No, the people who are worried here are retail publishers and bookstores (needlessly, since nothing, and that means absolutely NOTHING, will ever replace the feeling - the NEED - to curl up with a good book) and textbook publishers (deservedly, since after trial lawyers and CEOs, they're probably the most evil, money-grubbing SOBs in the country). What Google's proposing can only help the rest of us, wondering, as we are, what Pitt the Elder wrote about Cicero.
Names such as Pitt the Elder and Cicero don't enter into the standout story in last week's New York magazine - and delightfully so. 'Even Bitches Have Feelings' is by Vanessa Grigoriadis, and it's about the delicious rise and fall of publishing creaturatrix Judith Regan.
As should be obvious to everybody reading this blog, books are summitly important here at Stevereads. Books, literature, reading - the whole whirling world of it, highbrow, middlebrow, and lowbrow, everything from the latest Musil translation to the latest "Smallville" novel. We search for quality everywhere we might find it - just like the rest of you.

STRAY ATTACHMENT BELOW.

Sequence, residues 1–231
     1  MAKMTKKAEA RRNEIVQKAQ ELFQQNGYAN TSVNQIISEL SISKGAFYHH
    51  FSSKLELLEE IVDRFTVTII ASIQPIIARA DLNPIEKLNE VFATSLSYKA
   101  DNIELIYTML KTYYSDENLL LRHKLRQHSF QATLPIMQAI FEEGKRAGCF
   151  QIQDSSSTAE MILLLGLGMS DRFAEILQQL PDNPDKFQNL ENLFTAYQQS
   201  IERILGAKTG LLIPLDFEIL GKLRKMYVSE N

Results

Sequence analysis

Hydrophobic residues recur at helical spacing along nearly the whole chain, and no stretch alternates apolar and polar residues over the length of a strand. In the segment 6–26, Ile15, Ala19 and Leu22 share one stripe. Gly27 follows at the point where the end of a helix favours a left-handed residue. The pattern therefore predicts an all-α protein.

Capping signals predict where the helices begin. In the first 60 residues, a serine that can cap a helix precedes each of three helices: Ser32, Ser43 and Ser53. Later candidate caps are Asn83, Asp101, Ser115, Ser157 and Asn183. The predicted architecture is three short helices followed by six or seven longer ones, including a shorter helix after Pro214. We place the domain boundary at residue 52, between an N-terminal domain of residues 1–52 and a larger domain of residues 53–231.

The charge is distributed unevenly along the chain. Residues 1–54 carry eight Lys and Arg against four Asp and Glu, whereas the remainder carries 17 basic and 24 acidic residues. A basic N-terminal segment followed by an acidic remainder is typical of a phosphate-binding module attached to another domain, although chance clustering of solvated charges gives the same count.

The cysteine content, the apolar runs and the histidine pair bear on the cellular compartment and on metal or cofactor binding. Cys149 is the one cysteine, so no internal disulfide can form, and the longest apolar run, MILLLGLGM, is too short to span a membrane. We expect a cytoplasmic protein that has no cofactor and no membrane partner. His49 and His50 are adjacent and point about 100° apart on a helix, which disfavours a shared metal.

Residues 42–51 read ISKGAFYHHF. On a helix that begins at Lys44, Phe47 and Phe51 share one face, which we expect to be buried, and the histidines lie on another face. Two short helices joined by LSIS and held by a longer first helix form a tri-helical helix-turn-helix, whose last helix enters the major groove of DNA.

That's why we're in the perfect position to tell you without doubt: Judith Regan is the Devil.
It's not just that she commissioned, bought, and publicized bad books. Tastes vary, after all, and not everybody is lucky enough to read this blog (and if by chance you ARE reading this blog, Ms. Regan - it's a longshot, admittedly, but still: none of us can be sure who Sebastian might currently be sleeping with - take our advice: stay away from publishing 100 percent entirely, forever. You are the Devil. Never even touch a book with your hands again).